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Lifestyle factors—diet, sleep, geographical location, and other behaviors- significantly impact health and disease. Fertility is no different. The progressions in the physical, mental, and toxic environmental factors have affected fertility worldwide.
Fertility is affected by various lifestyle factors in both men and women. Nutrition, weight, and exercise; physical and psychological stress; environmental and occupational exposures; substance and drug use and abuse are just a few examples. One of the most critical aspects of female fertility cycles is the endocrine system, and environmental factors like pollution cause fluctuation in the design and these factors can manifest themselves in conditions such as PCOD (Polycystic Ovarian Disease).
There are multiple factors due to which the environment is heavily contaminated; the oceans have plastic islands floating, and tons of untreated waste get discharged into them. This, in turn, makes the consumption of seafood dangerous as one could ingest these harmful chemicals and end up affecting the fertility of the person. The plastic on land also affects the fertility system, contaminating heavy metals in the soil and water table pollution due to an unregularized garbage disposal system. The effects are not yet highly profound, but it is slowly getting out of hand.
The environmental toxins and exposure to heavy metals like mercury and lead increase the chances of a miscarriage. These are the same factors which also play a role in lung cancer, and they can also get triggered by modulating the genetics and affect the load much lower. Thermal stress is also an increasingly significant factor that disrupts the fertility cycle as the heat waves increase the stress on the ovaries. It is especially harmful to women exposed to the sun for substantial chunks due to their jobs.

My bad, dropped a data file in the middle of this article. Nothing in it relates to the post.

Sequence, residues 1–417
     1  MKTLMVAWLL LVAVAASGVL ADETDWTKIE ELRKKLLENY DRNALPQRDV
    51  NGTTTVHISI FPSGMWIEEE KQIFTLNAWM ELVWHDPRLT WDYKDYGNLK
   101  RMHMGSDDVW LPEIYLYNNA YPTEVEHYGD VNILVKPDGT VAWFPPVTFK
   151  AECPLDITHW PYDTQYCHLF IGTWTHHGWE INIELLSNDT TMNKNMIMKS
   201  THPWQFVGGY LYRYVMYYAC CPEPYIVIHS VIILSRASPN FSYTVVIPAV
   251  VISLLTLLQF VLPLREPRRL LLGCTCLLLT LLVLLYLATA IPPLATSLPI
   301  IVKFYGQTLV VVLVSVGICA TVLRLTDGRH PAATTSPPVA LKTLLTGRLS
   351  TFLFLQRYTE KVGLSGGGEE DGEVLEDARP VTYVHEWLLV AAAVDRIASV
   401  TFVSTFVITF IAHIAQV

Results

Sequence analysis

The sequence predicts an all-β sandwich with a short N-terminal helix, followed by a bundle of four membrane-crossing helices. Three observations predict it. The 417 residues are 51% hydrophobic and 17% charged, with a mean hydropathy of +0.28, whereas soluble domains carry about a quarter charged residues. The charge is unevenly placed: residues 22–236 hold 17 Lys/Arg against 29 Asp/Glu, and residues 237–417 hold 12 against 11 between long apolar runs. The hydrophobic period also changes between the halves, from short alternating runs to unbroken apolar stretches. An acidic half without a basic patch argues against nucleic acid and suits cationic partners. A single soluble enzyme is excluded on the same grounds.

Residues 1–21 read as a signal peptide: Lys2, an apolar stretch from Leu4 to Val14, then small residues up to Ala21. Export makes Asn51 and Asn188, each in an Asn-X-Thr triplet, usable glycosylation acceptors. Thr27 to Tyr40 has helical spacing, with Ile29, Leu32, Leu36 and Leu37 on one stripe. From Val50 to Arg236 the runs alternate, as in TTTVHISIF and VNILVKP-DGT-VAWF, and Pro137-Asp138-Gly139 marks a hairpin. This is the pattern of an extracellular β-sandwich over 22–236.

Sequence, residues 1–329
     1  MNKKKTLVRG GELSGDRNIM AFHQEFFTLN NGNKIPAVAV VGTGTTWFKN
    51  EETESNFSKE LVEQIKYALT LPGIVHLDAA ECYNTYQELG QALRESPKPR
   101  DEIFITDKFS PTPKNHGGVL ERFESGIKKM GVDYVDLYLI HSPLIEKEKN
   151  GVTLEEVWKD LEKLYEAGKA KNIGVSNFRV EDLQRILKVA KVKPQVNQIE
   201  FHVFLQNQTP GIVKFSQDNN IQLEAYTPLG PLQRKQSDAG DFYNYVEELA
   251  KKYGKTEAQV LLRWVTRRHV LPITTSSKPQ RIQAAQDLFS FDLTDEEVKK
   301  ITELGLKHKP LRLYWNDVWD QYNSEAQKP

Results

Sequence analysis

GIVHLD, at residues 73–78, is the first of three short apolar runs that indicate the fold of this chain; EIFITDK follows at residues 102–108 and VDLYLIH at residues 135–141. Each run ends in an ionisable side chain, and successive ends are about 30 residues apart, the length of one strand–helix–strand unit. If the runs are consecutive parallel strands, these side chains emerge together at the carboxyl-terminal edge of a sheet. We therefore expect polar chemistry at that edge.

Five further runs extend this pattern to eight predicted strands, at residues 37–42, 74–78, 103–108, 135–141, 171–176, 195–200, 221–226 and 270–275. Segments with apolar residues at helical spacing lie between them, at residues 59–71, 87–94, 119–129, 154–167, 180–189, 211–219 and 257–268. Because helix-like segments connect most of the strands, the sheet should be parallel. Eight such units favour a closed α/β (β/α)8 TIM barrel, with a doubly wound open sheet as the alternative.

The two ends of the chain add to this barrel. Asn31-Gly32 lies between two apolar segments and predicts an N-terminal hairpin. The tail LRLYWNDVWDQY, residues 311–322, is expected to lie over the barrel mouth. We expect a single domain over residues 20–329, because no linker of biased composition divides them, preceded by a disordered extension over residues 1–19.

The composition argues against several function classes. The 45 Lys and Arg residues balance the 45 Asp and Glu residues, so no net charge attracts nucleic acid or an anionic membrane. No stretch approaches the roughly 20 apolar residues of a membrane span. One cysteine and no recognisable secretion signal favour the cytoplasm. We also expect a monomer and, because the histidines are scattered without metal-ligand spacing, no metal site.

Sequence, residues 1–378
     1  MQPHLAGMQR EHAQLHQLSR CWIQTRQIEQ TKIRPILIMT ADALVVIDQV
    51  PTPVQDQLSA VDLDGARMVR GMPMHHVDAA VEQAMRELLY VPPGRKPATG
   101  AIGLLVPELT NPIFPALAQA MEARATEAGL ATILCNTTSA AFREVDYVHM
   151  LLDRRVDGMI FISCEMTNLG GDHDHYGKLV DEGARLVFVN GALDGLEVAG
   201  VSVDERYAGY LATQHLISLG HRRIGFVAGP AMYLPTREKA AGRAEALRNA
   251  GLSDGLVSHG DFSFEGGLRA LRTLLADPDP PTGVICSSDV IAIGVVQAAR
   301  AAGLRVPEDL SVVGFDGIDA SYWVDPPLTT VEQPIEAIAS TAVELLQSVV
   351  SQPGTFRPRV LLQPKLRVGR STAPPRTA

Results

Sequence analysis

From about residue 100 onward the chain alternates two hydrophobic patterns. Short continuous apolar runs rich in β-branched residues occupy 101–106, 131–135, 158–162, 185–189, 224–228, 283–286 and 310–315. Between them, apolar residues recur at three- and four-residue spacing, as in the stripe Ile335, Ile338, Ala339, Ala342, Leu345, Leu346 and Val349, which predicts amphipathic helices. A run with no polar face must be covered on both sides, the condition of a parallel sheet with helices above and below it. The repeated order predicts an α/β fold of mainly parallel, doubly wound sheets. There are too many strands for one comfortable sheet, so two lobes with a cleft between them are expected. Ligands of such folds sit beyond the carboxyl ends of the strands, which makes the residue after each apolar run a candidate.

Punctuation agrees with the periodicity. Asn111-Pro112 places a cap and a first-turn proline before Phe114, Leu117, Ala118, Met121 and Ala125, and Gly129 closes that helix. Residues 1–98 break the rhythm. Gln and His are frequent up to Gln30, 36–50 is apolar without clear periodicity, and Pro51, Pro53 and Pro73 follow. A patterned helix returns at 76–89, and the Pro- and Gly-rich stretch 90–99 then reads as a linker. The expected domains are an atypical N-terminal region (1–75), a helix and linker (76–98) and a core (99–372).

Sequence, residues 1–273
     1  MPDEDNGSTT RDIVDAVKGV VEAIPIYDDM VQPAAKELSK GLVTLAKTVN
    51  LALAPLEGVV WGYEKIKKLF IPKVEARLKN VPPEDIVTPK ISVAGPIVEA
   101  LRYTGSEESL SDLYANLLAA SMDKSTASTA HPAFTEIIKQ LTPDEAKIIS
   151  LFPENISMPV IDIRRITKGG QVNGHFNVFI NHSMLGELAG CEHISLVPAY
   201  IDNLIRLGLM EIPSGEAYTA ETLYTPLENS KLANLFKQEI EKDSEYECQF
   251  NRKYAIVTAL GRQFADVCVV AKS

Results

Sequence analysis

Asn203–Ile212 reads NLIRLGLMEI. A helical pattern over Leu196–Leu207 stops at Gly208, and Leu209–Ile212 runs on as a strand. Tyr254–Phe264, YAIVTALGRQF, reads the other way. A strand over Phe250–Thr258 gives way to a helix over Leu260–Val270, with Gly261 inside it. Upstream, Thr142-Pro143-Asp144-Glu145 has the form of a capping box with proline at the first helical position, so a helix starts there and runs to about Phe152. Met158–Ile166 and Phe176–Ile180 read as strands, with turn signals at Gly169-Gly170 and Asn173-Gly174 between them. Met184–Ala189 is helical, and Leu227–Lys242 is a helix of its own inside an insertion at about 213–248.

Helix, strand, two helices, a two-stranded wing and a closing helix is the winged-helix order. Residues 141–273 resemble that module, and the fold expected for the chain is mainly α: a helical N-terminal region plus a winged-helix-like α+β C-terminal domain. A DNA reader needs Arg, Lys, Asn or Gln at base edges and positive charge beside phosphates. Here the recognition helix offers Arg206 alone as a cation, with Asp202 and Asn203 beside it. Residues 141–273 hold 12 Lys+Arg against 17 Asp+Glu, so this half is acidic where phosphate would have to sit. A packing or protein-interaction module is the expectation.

Plastic has become an essential part of the world, but microplastics are incredibly harmful as endocrine disruptors. Microplastics contain Bisphenol A (BPA) and phthalate, elements that upset the hormonal system. The hormones entirely control fertility; if these are dysregulated, so is fertility. Everyone should actively avoid microplastics, independent plastic serve ware or a plastic water bottle. Glass is the next best alternative.
One must regulate their sleep cycle. Sleep is an essential contributing factor in the fertility aspect as, during sleep, the body goes through the regeneration of the many cells and the rhythm of the hormone changes. In addition, sleep produces dark melatonin, which can improve the whole-body system.
Despite the ambiguity, there are things one can do to protect one’s fertility. Exercise regularly, avoid preserved food, eat a balanced diet, avoid tobacco and alcohol, discuss medication side effects with your doctor, and avoid substances known as endocrine disruptors to stay in overall good health.
If problems persist, we recommend scheduling a visit with a fertility specialist. A fertility specialist can help you assess whether there is a problem with fertility through a consultation and fertility exam and the best course of action for achieving conception.